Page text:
Think about that for a second. We’ve identified the aspects of losing a dressing room – at least as it’s personified in the press and on the twitteratti. But really to lose a dressing room and continue the downward spin requires a willful act by the players.
Again these are professionals and regardless of what you think about their on the field performances they want to win. They are doing what they can to try and bring that.
I’m no fan of Francis Coquelin but I don’t think he goes out there to purposely be craptastic in order to get the gaffer fired. No, simply put his skillset isn’t good enough for what we need and he performs at level commensurate with his ability.
In the end the press is right all those items above have been met and their criteria for losing the dressing room has been identified. It all makes for great press doesn’t it. It gets us the frustrated supporters to read it and nod along with it, creating the echo chamber and clicked links the press wants.
Winning and losing are defined by fine margins. One of those fine margins is preparation. Wenger hasn’t lost his dressing room. They are likely frustrated and certain players may be disenchanted by losing – who wouldn’t be? What it really comes down to is Wenger once again not having his team prepared to play. Thinking his way is the right way and not getting them ready for an opponent.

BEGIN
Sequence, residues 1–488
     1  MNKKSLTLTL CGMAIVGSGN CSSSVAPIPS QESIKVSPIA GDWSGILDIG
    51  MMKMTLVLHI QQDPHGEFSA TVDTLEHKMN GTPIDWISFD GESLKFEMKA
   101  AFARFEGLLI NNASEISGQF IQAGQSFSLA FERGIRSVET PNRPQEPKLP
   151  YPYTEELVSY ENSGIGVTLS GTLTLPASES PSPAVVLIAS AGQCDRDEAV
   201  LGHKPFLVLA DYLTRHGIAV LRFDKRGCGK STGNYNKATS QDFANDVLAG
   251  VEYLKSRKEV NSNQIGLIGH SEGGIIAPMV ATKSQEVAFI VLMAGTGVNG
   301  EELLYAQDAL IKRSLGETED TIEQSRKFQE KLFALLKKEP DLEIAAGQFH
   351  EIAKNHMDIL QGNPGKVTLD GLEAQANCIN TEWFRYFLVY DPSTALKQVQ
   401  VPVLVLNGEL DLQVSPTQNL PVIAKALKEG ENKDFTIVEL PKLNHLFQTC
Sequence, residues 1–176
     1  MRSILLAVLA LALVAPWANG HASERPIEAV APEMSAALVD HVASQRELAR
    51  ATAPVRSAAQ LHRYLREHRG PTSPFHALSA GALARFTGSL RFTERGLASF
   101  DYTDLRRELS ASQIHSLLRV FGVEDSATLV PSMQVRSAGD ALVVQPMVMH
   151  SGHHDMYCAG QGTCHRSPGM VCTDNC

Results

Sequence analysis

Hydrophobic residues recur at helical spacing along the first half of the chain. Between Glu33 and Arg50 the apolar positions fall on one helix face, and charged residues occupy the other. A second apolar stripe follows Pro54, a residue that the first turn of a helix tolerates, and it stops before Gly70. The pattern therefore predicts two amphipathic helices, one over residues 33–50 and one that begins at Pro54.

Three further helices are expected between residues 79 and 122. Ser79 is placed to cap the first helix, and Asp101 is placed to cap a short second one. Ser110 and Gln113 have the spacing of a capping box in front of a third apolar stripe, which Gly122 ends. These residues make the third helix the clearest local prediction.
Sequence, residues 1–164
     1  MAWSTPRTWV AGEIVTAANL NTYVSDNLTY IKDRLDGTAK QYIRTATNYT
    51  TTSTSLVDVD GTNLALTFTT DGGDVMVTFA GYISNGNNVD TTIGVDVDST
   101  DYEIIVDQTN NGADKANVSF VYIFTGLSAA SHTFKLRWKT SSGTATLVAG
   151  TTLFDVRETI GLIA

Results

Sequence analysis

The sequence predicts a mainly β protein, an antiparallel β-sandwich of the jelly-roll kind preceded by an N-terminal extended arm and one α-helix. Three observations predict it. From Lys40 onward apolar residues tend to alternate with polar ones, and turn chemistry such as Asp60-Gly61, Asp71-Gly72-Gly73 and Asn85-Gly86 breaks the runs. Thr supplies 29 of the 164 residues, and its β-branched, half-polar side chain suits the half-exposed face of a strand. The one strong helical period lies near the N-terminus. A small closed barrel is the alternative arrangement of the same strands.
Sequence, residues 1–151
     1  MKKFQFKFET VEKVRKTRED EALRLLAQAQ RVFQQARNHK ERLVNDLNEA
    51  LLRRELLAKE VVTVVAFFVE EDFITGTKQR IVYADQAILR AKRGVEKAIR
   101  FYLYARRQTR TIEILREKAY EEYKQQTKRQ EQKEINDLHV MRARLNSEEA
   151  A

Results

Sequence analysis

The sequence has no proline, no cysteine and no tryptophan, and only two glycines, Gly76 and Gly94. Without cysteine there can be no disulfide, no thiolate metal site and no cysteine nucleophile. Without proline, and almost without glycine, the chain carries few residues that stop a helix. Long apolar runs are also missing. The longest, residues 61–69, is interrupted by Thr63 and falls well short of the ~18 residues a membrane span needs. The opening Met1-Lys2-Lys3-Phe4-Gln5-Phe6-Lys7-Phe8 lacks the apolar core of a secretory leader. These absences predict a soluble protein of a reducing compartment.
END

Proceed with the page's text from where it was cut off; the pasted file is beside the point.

And when it all goes wrong, Wenger’s self-belief in his system overrides any other perspective even the rather visual need to change things up.
So has Arséne Wenger lost the dressing room? No, he hasn’t. He simply continues to do what he has always done, rely on himself and his theories to get them through things while the rest of the football world has evolved and changed.
No, sadly it’s just Arséne being Arséne.